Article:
A legal and dependable income: Although I have a small nest egg, I want to establish my own revenue. Legally. Whether that means a job, career, or investments. Or all three. I have marketable talents, the desire to earn, the will to succeed and the need for dependable income. I'm not expecting to live lavishly, but I want comfort and to be able to splurge if I choose to - safely. Job ideas: In-house writer / journalist / columnist (civil rights, criminal justice related organization or publication); Painter (homes / interior); Furniture maker / refurbisher, or Internet services provider for prisoners (research, email forwarding, etc.) Investment ideas: Housing market; Prisoner oriented web-business; Franchise; CDs and Bonds or any combination of these.
Good family and friends: I couldn't ask for better friends than the ones I have, but I'd like to expand my circle of friends, surrounding myself with good people. With the friends I have now I know that I can accomplish anything I put my mind to, that people care about me and I'm not alone. they've got my best interest in mind. Family is important to me. Some may argue, too important. My sister K has been through a lot in her own life and has come out on top and a strong person. Raising my niece on her own, K did a fantastic job; my niece will attend NAU and is a brilliant and beautiful young woman. Sadly, I don't know her and have never been a part of her life. I'll be in their lives from now on if they will let me.
I want to find my Ms. Right and give my sister and niece more family. I haven't given up, but so far it's been a disheartening quest. I can still envision her and I and our little family posing for a family portrait on X-mas. K and A and other relatives squeezing in, trying to get us all in the photo. I have decided that until those images fade away, I'll continue to wait. Although patience isn't one of my strongest qualities, it's still a trait I possess.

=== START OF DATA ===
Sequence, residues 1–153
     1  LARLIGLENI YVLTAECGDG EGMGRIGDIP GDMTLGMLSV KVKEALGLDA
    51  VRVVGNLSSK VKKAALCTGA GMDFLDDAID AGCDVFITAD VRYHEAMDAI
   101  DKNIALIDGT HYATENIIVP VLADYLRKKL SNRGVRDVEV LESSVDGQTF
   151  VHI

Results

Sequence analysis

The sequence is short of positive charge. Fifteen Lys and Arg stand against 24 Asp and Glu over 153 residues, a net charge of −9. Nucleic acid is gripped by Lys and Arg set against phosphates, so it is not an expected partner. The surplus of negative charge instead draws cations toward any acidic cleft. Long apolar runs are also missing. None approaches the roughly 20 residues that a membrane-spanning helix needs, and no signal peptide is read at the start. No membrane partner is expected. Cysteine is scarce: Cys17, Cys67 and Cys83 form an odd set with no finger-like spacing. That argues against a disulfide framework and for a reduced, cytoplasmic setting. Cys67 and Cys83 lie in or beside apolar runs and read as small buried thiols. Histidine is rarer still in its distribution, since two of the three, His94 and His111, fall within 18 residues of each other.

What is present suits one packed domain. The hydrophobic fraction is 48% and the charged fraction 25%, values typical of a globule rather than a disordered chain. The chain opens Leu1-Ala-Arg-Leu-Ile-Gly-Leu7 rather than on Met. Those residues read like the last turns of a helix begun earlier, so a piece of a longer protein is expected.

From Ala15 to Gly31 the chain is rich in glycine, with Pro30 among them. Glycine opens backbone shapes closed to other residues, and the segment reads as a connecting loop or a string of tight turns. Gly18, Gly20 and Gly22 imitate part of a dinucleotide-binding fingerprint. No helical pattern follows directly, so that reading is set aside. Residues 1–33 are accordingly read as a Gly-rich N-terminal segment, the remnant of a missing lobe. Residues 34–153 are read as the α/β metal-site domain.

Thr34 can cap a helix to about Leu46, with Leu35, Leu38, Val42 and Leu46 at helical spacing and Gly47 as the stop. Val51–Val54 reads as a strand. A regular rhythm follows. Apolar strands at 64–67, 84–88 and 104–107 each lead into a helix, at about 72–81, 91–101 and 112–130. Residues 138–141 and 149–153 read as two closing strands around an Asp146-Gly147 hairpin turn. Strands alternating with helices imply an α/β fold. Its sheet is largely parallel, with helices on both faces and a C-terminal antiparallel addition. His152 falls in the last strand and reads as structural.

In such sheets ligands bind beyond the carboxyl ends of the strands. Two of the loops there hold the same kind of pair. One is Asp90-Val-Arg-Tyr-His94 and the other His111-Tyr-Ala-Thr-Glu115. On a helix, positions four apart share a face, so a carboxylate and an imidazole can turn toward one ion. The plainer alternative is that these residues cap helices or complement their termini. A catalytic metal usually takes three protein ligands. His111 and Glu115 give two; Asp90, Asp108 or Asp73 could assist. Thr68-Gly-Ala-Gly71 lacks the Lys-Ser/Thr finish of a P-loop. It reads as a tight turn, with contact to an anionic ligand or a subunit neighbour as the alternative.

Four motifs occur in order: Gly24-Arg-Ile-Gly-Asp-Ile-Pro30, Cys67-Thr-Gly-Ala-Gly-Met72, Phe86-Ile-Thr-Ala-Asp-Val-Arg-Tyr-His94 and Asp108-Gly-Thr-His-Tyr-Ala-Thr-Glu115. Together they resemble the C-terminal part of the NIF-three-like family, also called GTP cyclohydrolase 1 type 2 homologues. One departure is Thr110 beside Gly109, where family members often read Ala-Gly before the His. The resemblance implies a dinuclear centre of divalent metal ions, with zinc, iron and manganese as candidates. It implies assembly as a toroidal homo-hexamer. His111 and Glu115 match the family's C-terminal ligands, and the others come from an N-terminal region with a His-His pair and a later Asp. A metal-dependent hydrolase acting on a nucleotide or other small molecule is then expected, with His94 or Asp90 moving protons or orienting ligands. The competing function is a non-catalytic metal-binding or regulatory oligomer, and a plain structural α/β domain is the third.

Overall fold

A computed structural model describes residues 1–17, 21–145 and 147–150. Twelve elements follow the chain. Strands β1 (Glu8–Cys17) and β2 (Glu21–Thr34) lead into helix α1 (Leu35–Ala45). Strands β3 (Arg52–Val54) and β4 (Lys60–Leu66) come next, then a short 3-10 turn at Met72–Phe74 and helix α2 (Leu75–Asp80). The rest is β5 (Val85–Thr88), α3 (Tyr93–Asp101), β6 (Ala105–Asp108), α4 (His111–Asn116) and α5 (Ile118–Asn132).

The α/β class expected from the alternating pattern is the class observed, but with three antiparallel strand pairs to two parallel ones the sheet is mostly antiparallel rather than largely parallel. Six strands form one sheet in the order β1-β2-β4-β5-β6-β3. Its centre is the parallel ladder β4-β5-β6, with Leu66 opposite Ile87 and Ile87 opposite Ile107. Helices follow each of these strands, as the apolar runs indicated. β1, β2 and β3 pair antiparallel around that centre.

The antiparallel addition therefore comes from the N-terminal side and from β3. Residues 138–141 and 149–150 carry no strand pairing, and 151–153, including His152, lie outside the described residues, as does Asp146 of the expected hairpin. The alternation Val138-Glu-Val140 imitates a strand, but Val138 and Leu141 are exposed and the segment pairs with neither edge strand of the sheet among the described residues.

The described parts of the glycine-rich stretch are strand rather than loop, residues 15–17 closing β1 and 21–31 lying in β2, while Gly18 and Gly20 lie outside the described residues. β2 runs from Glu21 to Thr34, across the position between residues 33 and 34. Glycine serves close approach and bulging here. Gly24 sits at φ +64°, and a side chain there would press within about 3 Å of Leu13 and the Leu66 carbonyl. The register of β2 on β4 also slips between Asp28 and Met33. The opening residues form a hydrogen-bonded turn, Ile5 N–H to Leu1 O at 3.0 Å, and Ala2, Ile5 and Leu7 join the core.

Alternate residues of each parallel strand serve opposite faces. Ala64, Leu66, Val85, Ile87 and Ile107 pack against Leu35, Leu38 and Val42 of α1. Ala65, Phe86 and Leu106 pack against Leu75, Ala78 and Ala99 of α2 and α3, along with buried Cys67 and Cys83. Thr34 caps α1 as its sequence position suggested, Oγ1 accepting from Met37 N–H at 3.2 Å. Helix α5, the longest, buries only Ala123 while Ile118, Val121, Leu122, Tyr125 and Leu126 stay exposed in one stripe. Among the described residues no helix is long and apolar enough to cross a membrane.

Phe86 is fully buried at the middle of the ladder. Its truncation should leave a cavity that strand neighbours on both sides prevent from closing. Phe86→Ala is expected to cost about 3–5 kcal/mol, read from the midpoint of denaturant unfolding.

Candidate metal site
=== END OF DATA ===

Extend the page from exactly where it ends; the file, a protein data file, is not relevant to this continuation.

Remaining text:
Helping Others: I want to help other people. Not out of guilt for my past transgressions or to impress or make myself "look good" to others. I truly want to help others because I care and it feels good to me. It really does give me a feeling of happiness, joy, comfort, and fulfillment. It's difficult to describe.
Although I recently made a contribution to "Pack to School", which will provide desperately needed supplies to a local elementary school (kids need school supplies and times are tough for parents right now), but my main interest is two-fold.
#1: speaking out against drugs, crime and incarceration to students and parents. I want to share my experience and advice in hopes of dissuading someone from making the wrong choices I made and hopefully enlighten some parents in dealing with their troubled kids, as well as prevention and observation. Unlike many, if not most, of the "professionals" who do this, I'd speak from first hand experience rather than strictly academic. Note: I do not intend to lessen the importance of the professionals. The pros who've dedicated their lives to this are extremely beneficial and needed. It's just that some people will listen to the tattooed former inmate, former criminal, former drug-user before the pro in his / her suit and cushy office.
#2: I want to continue with my cause regarding prisons and prisoners. Maybe even stepping up my game by speaking at legislative hearings and town hall meetings.
Although my fears about gate-money, shelter, food, etc. have been relieved (an incredible burden), other concerns remain. Less urgent concerns but things I worry about. With everybody who cares about me, loves me, and wants me to succeed on my side, I know everything will work out.
3 days ago